Perfecting the Scene

03 May 2022

Connecting interior design to the people who live inside

By Vera Wilson  »  Photos by G. Frank Hart

A great interior designer will treat the fundamentals of your home – the bones, the blueprint, the view, the nonnegotiable pieces like your mother’s rug — as the setting for a scene. They’re able to take what’s already there and elevate the surroundings into something so unique and expressive that it reflects the life you lead and aspire to.

This philosophy is embraced by the team at Paysage Home and Interior Design. In fact, the French word ‘paysage’ means, in artistic terms, landscape or scene.

Gigi Sireyjol-Horsley is lead interior designer and owner of the two Paysage retail boutiques. The Wilmington location has been an anchor of the Lumina Station community for almost 20 years, while the Raleigh location opened in 2018.

At the Wilmington boutique, there’s an eclectic and exciting variety of objets d’art and paintings, each hand-picked by Sireyjol-Horsley who, with her mother, used to stroll through antique stores and markets in Morocco, Sireyjol-Horsley’s birthplace, and France, where she spent many formative years. With no formal interior design training, Sireyjol-Horsley credits her mother with teaching her the art of design.

“I definitely got the training from my mother. It was the training of aesthetic and that’s not something you’ll learn in school, necessarily,” Sireyjol-Horsley says.

A vital part of the design process is the ability to capture what the clients want, even when they may not be able to define it themselves. Interestingly, Sireyjol-Horsley believes she honed these skills during her time working in the world of finance.

“As a financial advisor, I was listening to people, getting to know the most intimate parts of their life,” she says. “You want to get close to try to read between the lines, to get to things they don’t even know how to express. Design is so very similar. I met with a client last week, and by taking time and more time to talk to her, I found out she loved weaving and she loved colors.” Armed with that information, Sireyjol-Horsley was able to create a design plan.

“And when I made the presentation to her today, she said ‘How did you know exactly what I wanted?’” Sireyjol-Horsley says with a laugh.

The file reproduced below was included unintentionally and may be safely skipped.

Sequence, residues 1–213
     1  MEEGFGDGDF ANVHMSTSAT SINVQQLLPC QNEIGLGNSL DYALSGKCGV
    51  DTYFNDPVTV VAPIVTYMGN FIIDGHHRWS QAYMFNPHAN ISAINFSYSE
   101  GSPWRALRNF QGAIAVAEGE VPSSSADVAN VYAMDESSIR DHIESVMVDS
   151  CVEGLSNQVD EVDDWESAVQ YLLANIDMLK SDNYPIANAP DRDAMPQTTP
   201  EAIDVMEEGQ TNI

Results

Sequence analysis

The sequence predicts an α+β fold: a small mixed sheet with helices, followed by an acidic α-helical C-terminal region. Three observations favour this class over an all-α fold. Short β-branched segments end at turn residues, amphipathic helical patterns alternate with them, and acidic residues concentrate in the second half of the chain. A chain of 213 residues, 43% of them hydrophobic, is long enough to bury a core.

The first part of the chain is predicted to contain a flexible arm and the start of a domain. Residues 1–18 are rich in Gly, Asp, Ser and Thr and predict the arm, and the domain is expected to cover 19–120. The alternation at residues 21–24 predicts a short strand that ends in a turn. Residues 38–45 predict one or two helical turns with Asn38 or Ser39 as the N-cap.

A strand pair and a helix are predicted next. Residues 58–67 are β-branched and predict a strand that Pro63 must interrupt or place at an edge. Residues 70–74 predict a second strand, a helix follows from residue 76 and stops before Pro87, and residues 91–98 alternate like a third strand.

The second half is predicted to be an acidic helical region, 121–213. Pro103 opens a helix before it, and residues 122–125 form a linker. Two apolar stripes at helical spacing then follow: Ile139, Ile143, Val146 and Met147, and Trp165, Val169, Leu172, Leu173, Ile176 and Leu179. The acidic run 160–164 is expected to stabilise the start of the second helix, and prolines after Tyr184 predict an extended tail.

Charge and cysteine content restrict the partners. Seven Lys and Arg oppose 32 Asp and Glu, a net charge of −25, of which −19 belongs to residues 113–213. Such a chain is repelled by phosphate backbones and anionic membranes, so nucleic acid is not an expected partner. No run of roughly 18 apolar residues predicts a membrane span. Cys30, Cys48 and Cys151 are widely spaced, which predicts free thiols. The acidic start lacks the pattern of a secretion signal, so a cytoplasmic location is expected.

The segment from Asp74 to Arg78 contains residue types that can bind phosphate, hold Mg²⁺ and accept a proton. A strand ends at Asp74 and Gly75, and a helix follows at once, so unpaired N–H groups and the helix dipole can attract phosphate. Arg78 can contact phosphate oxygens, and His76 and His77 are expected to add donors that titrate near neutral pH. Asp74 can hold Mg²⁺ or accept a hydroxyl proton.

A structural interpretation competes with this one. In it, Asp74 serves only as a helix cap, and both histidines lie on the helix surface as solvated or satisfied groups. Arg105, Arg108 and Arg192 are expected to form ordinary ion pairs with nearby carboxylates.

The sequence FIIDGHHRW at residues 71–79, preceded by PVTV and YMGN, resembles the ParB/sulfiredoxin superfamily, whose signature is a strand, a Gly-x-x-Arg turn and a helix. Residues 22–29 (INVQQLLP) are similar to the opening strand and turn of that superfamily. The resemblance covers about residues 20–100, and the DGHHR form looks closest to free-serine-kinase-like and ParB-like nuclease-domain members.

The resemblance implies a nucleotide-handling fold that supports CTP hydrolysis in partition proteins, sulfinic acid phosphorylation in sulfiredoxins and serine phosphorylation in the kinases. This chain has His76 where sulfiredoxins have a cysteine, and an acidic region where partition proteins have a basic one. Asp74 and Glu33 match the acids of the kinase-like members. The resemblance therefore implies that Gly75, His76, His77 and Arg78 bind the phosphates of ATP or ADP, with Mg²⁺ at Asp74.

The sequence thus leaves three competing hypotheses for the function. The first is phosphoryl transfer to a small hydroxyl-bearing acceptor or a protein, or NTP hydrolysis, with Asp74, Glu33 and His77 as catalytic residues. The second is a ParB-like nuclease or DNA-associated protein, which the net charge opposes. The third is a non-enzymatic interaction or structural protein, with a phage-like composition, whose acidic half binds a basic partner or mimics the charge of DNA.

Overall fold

A move to Wilmington in 2009 allowed her the opportunity to work at the store she now owns. She learned the business from the ground up, starting as a part-time employee, and knew early on, this was where she belonged.

“I fell in love with the business completely and gave more and more to it. Being surrounded by wonderful clients, wonderful things to sell, good people to work with — it was the best of everything,” Sireyjol-Horsley says.

Customers noticed the more personal touch, accentuated by Sireyjol-Horsley’s quest for exceptionality in the products she offers.

 “I like to be exclusive,” she explains. “I’m always interested in what’s unique and not easily found.”

Sireyjol-Horsley curates from all over the world.

“I like to work with Europe a lot. I still have a lot of contacts in France, obviously. A lot of my accessories come from there,” she explains.

To be sure, her French influence is palpable and part of what she dubs “the new classic,” a fusion of new and antique pieces. Her newsletters and social media posts teach interested readers about French culture, like highlighting the similarities of Bastille Day and the 4th of July.

But sourcing regionally is also important to Sireyjol-Horsley, and that’s made easy due to the quality of products she finds right at her doorstep. A recent trip to High Point likely means furniture purchases for the store and her clients “because North Carolina is the best state for that,” she says. Work by local artisans, such as a piece made from shells with striking copper undertones, are popular as gifts and ornamental features.

Sireyjol-Horsley doesn’t shy away from trends — wallpaper and a fandelier, a fan in the style of a chandelier, currently adorn the Wilmington shop. However, she’s sure not to repeat the same thing over and over from one house to another. Instead her goal is to “pull the client’s personality out” of every piece.

Sireyjol-Horsley christens her clients “family,” describing with pride how they recently stepped up and answered the call when Paysage sponsored a fundraiser to help fund short-term housing for Ukrainian refugees. Thanks to matching contributions from Paysage and Airbnb, they were able to raise an impressive $54,000.

“We love what we sell and we love our clients,” she says. “We were here at the store last night working. The day was over and we said we should probably rush home. But it’s home here.”

The featured photos are from a design project for a couple who moved from Chapel Hill and were seeking help to blend their treasured furnishings into their new house.  

"When we built our home, I knew the overall feel, but I did not know how to put it together. After a pleasant and productive conversation with the Paysage team, all of a sudden, the old married the new, and the unexpected became functional," describes Susanna and Stedman Stevens.

Sireyjol-Horsley’s ability to listen may be the most important design principle of all. Located in Lumina Station, paysage.com.

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